Americans earned more and spent more in August, the latest sign that the economic recovery remains on track despite rising interest rates, a battered stock market and fears of a possible recession.
Personal income, after taxes, rose 0.4 percent in August, the Commerce Department said Friday. That was a bit faster than the 0.3 percent increase in consumer prices, making it the second month in a row that inflation-adjusted incomes increased.
Consumer spending, the bedrock of the American economy, also rose 0.4 percent, a rebound from a decline in July, though still below the growth rate from earlier this year. Spending has cooled this year as higher prices have eaten into shoppers’ buying power.
But consumers haven’t shut their wallets completely, proving particularly willing to shell out for travel, dining and other services that they missed out on earlier in the pandemic. Spending on services rose 0.8 percent in August, while spending on goods fell, reflecting the gradual shift back to normal of consumption patterns that were disrupted during the pandemic.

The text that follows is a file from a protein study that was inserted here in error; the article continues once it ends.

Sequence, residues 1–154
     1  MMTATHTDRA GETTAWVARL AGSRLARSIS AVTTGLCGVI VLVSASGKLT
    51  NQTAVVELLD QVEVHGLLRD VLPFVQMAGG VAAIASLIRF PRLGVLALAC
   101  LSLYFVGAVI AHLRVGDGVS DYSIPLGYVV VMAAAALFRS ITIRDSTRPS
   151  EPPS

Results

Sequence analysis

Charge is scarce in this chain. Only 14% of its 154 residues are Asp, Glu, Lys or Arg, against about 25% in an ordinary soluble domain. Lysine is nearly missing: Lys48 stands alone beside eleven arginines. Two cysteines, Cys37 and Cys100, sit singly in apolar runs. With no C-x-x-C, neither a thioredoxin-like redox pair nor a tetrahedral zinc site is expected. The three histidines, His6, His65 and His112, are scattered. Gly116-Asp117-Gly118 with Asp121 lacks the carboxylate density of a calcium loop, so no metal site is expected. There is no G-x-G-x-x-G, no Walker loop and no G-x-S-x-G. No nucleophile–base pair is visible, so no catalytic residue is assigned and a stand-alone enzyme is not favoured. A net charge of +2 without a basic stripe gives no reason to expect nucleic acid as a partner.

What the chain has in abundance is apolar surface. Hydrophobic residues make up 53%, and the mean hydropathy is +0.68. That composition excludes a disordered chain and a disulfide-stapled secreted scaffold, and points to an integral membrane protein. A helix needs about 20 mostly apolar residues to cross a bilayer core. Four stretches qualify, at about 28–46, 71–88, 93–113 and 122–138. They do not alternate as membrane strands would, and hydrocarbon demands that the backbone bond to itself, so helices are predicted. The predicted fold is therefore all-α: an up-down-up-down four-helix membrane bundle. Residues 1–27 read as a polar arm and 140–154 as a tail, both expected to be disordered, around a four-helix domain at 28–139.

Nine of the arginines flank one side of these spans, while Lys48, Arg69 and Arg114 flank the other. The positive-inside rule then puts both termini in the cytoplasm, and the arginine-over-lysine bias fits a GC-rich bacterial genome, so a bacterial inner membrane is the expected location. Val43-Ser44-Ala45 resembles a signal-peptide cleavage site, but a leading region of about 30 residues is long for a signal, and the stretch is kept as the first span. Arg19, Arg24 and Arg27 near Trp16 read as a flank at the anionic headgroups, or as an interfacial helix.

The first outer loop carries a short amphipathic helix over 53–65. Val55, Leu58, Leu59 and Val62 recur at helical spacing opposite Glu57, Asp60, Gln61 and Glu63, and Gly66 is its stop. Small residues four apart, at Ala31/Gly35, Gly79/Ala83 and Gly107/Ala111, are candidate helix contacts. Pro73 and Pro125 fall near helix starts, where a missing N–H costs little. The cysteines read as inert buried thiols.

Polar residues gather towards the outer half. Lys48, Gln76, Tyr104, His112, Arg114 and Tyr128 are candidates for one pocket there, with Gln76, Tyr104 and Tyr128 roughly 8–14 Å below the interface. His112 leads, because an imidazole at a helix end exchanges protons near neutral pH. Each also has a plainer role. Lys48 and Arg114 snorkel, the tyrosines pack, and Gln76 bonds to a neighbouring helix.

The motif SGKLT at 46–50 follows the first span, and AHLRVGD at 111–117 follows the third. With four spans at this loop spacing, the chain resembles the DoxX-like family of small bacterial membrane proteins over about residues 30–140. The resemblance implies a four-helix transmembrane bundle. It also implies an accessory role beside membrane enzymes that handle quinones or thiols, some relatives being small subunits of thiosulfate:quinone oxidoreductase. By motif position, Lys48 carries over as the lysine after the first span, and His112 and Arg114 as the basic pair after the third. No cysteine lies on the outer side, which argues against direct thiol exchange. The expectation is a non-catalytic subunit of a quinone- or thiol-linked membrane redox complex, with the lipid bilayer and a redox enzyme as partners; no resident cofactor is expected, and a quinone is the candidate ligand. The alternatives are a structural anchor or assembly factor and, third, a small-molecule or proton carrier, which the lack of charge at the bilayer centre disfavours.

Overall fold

Revised data released on Thursday showed that consumer spending rose faster in the spring than previously believed, even as overall economic output fell for the second consecutive quarter.
The strong job market is providing a boost. Wage and salary income rose 0.3 percent in August and is up 8.6 percent over the past year as more people have gotten jobs and competition for workers has driven up pay.
Americans, in the aggregate, are also still sitting on a large stockpile of savings built up earlier in the pandemic. That could allow consumers to keep spending even if the job market cools or inflation re-accelerates. There are signs consumers may be beginning to chip away at their accumulated savings, however. Households saved 3.5 percent of their after-tax income in August, well below the prepandemic average of about 7 percent.